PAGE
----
NEW YORK, April 4 — A growing number of children caught up in armed conflicts around the globe are being denied access to critical humanitarian aid, a United Nations official warned yesterday, as relief operations come under attack or are blocked by governments.

The last report by the UN secretary-general on the rights of children in conflicts, published in June 2023, recorded nearly 4,000 confirmed cases of aid being denied to children, from Gaza to Yemen, Afghanistan and Mali.

“Data gathered for our forthcoming 2024 report shows we are on target to witness a shocking increase of the incidents of the denial of humanitarian access globally,” Virginia Gamba, the secretary-general’s special representative for children and armed conflict, told the Security Council yesterday.

She said last year’s figure already represented an “exponential” increase since 2019.

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“Cases of denial of humanitarian access are linked to the restriction of humanitarian activities and movements; interference with humanitarian operations and discrimination of aid recipients; direct and indiscriminate attacks on civilian infrastructure; disinformation and detention, violence against, and killing of, humanitarian personnel; and looting,” Gamba said.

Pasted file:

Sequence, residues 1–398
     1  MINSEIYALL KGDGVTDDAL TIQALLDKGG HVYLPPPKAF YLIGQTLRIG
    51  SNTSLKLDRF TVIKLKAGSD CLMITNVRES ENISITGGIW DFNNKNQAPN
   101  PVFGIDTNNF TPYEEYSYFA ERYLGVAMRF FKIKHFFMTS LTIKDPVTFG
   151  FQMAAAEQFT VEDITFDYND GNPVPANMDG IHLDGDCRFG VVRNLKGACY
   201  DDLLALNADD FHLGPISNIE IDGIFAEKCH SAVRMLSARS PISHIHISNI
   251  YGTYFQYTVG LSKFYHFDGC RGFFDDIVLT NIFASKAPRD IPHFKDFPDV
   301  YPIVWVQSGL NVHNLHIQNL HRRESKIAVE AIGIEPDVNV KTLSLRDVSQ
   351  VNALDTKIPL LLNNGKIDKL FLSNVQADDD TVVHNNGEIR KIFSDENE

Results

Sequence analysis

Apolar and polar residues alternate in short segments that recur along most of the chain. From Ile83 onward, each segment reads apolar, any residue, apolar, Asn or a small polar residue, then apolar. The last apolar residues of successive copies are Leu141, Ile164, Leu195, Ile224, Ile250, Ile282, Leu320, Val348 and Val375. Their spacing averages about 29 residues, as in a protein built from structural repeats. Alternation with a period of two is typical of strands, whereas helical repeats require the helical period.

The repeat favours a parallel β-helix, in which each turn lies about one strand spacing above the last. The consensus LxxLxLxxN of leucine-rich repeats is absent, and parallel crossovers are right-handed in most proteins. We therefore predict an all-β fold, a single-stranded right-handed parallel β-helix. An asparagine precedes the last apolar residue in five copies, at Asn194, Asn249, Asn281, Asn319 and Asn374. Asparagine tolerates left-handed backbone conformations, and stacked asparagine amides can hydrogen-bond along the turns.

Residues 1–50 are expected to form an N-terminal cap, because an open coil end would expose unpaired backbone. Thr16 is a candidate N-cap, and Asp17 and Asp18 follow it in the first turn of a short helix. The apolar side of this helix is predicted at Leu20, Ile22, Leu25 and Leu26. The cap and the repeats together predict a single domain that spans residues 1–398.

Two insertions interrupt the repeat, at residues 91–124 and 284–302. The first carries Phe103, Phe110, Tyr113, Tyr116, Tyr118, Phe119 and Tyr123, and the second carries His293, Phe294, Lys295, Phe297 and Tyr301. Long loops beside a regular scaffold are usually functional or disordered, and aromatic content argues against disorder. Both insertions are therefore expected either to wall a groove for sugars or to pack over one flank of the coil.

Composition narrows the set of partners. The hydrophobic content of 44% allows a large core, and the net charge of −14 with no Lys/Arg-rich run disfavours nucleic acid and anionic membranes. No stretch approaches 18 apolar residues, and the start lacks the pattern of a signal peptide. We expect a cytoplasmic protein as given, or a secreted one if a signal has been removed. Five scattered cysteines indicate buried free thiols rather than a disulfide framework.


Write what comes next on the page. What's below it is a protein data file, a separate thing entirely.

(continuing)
She did not specify which countries would be singled out in the 2024 report, set to be released this summer.

Nearly half of the cases in last year’s report — 1,861 — were of Israeli forces denying aid to children in Gaza.

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That report came before the October 7 attack by Hamas militants on southern Israel and the ensuing all-out war in Gaza.

The UN has since repeatedly denounced restrictions Israel has put on aid entering the war-torn territory.

“As a result of these constraints, children cannot access age-appropriate nutritious food or medical services and have less than two to three liters of water per day,” Unicef deputy executive director Ted Chaiban told the Council.

“The consequences have been clear,” Chaiban said, noting that one in three children in northern Gaza under two years old suffer from acute malnutrition, “a figure that has more than doubled in the last two months.”

Apart from Gaza, he also highlighted the threats to children’s access to humanitarian aid in Sudan and Burma.

In addition to access to humanitarian aid, the UN’s report on children and armed conflict also lists the number of children killed and wounded, as well as attacks on hospitals and schools.

From all the data points, the report draws up a “list of shame” of government forces and other armed groups responsible for the violations.

Last year’s report listed Russia’s military over its attacks on Ukraine, but excluded Israel, angering several NGOs which have called for its inclusion for years. — AFP